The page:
How exactly are we created in the image and likeness of God? What is the differences between “image” and “likeness”? Does this mean man and woman look like God in some way?
- The word “God” in Hebrew is plural, God(s);
- Both man and woman are the “image” of God(s), meaning “representative;”
- Both man and woman are the “likeness” of God(s), meaning “to look like.”
The Plurality of God
Then God said, “Let Us make man in Our image, according to Our likeness; let them have dominion over the fish of the sea, over the birds of the air, and over the cattle, over all the earth and over every creeping thing that creeps on the earth.” So God created man in His own image; in the image of God He created him; male and female He created them.” —Genesis 1:26-27 (NKJV, bold added)
In the Genesis verses above, God makes man and woman not in “His” image but strangely in “Our” image. Clarification comes once we realize the translated word “God” (in Hebrew ʾĕlôhîym) is grammatically plural—Gods. This plurality explains the use of “Us” and “Our” as God is speaking to His/Her plural self.
As a woman I am made in the image and likeness of a plural God. My husband is also made in the image and likeness of a plural God. Male and female = the two images and likenesses of God(s). It’s an extraordinary notion. But have you ever wondered, what exactly does it means to be made in the “image and likeness” of God(s)?
What Does it Mean to be Made in the Image of God?
The word “image” (tselem in Hebrew) means a representation of something such as an idol would represent a person, spirit or a god. The word tselem is used throughout the Old Testament to refer to handmade idols that represent different gods. In this sense, Adam and Eve are God’s representatives. They have been hand-made by God and brought to life by God in order to function/act as God’s representatives here on earth. If man and woman really do represent God, then we must be mindful of displaying God’s character of love — anything less is a misrepresentation of God.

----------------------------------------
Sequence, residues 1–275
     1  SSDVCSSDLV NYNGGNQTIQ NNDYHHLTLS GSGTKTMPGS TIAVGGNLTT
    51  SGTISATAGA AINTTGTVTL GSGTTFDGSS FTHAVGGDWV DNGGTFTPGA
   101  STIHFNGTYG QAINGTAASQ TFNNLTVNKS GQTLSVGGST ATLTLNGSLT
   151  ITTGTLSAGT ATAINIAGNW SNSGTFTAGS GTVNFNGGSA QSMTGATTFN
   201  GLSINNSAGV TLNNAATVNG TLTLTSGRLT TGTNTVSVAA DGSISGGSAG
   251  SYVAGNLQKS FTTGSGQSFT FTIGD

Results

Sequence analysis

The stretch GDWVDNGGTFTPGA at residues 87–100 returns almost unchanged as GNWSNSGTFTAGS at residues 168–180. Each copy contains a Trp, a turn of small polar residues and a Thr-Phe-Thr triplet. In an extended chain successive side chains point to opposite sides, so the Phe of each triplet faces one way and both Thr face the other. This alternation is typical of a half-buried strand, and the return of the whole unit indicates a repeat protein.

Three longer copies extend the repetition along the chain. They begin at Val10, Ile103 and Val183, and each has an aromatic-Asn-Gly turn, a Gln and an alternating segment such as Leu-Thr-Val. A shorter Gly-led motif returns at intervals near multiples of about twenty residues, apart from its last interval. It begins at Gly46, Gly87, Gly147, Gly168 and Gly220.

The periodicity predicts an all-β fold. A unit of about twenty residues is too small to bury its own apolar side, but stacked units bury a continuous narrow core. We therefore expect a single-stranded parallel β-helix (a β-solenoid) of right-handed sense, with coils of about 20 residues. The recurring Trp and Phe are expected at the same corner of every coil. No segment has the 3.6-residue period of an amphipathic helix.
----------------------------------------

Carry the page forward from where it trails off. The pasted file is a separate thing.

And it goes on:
What Does it Mean to be Made in the Likeness of God?
The word “likeness,” however, does not mean representation. Instead, likeness is the Hebrew word dmûwth and it surprisingly means resemblance as in “to look like.” Dmuwth is used throughout the Old Testament specifically in reference to how something looks physically. See the following example:
Now King Ahaz went to Damascus to meet Tiglath-Pileser king of Assyria, and saw an altar that was at Damascus; and King Ahaz sent to Urijah the priest the design [dmuwth—the exact physical image] of the altar and its pattern, according to all its workmanship. Then Urijah the priest built an altar according to all that King Ahaz had sent from Damascus. –2 Kings 16:10-11 (NKJV, additions mine)
GO HERE to view the statue of King Adad-iti; it contains an Assyrian inscription translated into Aramaic. “The Aramaic translation contains the words image and likeness, which are linguistically equivalent to the Hebrew terms found in Genesis 1:26.” The statue is the image and likeness of the king. The statue, therefore, represents and resembles the king.
This means, of course, that both man and woman — the male image and the female image — represent and resemble God(s).
The amazing truth is the “God family” created man and woman to “represent” and “look like” Them here on earth. Because of this, there is never a need to re-create an image (like a carved idol) to represent God since we are God’s true representatives. Any other representation is completely senseless:
Since we are the children of God, we have no excuse for thinking that the deity looks like anything in gold, silver or stone that has been carved and designed by a man. — Acts 17:29 (NJB, bold added)
Not surprisingly, once Adam and Eve were created, they then continued on with the process of procreation, creating children in their “image” and “likeness” as God had done before them:
When Adam had lived one hundred thirty years, he became the father of a son in his likeness [dmûwth], according to his image [tselem], and named him Seth. –Gen. 5:3 (NRSV, bold and additions added)
Who was Eve Fashioned After?
We readily see and acknowledge the male aspect of God since we so easily view Him in Jesus. Because the male image is so obvious and prevalent, the female image tends to be seen as secondary, mysterious and sadly, even irrelevant.
But the female image is not irrelevant. The female image of God is not secondary. She may, however, be mysterious… and that is why I have chosen to address this topic. So who was Eve fashioned after? The female image comes to us from the Holy Spirit — the Spirit that resides within Jesus.